Townsville flood leaves eight people ill from potentially deadly soil bacteria
By Leonie Mellor, Stephanie Smail and staff, Mon 11 Feb 2019
A potentially deadly disease is infecting vulnerable Townsville residents amid the flood clean-up, health authorities in the north Queensland city are warning.
Townsville public health unit acting director Dr Julie Mudd said eight people had so far been diagnosed with melioidosis, an environmental bacteria picked up from the soil.
She said most of those people have ended up in intensive care.
"We expect these cases with every wet season," Dr Mudd said.
"The wetter the season, the more cases we expect to get.
"It's not spread from person to person and it's something we see in people who have a vulnerability of their immune system."
This includes people on medication, diabetics, people with chronic airways disease and the elderly.
Dr Mudd said the bacteria could be deadly for people lacking the immunity to fight it.
"People do get very sick so a lot of people with melioidosis will require ICU care," she said.
"It is quite a severe illness in this form so usually people will have quite high fevers and be very unwell."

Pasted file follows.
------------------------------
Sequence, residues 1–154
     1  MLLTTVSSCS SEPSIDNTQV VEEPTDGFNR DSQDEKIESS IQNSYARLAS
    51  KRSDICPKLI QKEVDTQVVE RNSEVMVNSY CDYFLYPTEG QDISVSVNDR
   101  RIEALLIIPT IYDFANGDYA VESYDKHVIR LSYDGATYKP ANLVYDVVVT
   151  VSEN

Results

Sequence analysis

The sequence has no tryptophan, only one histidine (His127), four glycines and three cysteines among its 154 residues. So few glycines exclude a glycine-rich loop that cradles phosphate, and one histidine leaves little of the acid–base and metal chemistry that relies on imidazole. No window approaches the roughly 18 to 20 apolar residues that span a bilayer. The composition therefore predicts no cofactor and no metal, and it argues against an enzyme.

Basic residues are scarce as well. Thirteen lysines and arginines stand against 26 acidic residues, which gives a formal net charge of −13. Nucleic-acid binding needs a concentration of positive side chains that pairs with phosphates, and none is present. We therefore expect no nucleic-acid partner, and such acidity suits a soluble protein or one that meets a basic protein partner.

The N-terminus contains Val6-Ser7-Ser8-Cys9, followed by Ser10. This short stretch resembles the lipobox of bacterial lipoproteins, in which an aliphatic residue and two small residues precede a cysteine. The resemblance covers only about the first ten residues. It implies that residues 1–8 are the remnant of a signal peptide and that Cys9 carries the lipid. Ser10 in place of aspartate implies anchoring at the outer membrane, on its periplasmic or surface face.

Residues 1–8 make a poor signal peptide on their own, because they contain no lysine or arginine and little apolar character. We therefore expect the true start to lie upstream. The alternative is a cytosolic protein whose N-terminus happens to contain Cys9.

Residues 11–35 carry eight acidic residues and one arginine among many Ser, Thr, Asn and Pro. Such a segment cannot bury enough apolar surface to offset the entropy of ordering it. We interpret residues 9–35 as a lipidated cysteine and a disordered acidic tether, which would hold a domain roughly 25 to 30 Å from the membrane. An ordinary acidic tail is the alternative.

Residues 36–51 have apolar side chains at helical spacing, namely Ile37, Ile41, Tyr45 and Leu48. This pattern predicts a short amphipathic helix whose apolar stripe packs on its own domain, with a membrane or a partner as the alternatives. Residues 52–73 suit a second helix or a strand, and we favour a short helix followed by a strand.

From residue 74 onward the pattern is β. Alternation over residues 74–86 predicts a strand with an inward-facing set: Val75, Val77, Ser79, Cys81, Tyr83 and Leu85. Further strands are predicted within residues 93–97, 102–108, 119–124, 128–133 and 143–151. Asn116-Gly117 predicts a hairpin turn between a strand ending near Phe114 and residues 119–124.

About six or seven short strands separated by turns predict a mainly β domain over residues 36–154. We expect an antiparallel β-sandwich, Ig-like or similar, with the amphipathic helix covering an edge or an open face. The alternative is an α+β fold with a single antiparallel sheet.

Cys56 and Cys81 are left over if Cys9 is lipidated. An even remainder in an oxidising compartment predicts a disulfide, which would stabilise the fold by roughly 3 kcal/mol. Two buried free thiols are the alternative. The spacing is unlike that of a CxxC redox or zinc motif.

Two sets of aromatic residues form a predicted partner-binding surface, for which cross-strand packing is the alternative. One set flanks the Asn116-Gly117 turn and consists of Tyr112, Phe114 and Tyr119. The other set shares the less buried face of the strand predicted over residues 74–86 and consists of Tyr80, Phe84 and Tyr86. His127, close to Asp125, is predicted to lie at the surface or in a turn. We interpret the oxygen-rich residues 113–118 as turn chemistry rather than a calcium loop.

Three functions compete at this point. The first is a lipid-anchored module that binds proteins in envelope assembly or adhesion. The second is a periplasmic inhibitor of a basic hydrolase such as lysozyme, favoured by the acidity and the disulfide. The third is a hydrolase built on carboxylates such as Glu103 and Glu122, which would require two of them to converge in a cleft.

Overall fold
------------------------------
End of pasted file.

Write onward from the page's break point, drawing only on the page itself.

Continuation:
She said anyone concerned should seek medical attention.
People cleaning up after the floods are advised to wear protective equipment, cover any wounds and protect their airways if working around mud.
Dr Mudd also said health workers were on the look-out for anyone with leptospirosis Ã¢â¬â another bacterial infection commonly caused by contaminated soil or water.
But she said so far, no-one had been diagnosed with the condition.
The clean-up continues in earnest across flood-affected Townsville suburbs, aided by local soldiers who are picking up flood debris and taking it away to the tip.
The Queensland Fire and Emergency Service said SES volunteers from across the state volunteered to travel to Townsville to help with the clean-up, as well as roof repairs.
Meanwhile, Queensland police released vision of in north-western Queensland.
Des Smith could not walk and had water lapping the tops of his knees as he sat in his mobility chair.
A policeman had to carry Mr Smith out of his flooded home to a rescue chopper waiting on nearby rail tracks.
Meanwhile, as graziers across Queensland's north-west struggle with the extent of stock losses from flooding, one grazier has told the ABC the smell of death on her property was inescapable.
Emma Forster from Werna Station, between Winton and Kynuna, has buried six horses in their front paddock.
"There is really not a lot left living of anything, just surrounded by death," she said.
"You just can't get away from it [the smell], it is going to get a lot worse, before it gets better.
"We have to be out and about in it, trying to save other stock."
She said it was not only livestock that had suffered.
"There is a ridge not far from our house and it is covered in dead kangaroos. The emus are all dead [and] we're not seeing much bird life," she said.
© 2019 ABC